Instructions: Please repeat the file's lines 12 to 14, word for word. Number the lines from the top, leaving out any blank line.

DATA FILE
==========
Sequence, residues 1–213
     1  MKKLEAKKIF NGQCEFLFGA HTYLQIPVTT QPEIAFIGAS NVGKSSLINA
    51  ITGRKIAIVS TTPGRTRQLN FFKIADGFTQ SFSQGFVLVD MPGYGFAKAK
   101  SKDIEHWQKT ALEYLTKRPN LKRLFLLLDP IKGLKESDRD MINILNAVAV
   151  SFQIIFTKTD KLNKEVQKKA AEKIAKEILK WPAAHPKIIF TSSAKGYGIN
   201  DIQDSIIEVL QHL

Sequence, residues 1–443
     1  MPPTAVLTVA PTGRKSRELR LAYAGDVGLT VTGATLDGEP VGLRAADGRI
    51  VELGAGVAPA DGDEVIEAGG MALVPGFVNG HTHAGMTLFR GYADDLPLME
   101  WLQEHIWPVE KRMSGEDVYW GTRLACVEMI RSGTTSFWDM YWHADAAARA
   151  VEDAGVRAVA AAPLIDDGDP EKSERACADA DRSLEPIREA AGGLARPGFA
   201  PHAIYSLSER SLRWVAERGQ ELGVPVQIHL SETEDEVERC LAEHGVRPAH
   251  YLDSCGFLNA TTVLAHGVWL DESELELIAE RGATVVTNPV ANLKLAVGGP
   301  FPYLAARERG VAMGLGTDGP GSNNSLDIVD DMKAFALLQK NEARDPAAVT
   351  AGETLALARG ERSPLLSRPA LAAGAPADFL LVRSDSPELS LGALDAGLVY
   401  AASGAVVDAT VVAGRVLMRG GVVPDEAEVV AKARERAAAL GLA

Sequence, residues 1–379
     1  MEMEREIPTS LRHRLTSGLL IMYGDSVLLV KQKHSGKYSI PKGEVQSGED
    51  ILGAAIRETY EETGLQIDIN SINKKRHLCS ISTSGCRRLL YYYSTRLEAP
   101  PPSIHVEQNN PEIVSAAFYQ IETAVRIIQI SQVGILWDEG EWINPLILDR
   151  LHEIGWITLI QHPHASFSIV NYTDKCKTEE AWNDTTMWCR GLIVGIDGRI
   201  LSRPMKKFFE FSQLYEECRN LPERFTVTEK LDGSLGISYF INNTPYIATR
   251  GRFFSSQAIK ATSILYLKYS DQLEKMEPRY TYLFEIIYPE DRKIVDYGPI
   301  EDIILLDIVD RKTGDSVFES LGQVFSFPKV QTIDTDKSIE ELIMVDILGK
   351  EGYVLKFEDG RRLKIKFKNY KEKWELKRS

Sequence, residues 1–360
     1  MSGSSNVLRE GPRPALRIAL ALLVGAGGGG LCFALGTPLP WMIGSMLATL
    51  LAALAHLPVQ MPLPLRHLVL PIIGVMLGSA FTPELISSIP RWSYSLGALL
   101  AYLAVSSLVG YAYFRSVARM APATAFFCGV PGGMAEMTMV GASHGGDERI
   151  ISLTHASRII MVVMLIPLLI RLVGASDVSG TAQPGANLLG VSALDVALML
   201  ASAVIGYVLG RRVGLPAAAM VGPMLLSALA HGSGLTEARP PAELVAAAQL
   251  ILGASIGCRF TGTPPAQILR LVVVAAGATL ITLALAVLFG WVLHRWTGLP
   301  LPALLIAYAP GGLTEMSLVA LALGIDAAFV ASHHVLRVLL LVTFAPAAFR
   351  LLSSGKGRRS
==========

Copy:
   201  PHAIYSLSER SLRWVAERGQ ELGVPVQIHL SETEDEVERC LAEHGVRPAH
   251  YLDSCGFLNA TTVLAHGVWL DESELELIAE RGATVVTNPV ANLKLAVGGP
   301  FPYLAARERG VAMGLGTDGP GSNNSLDIVD DMKAFALLQK NEARDPAAVT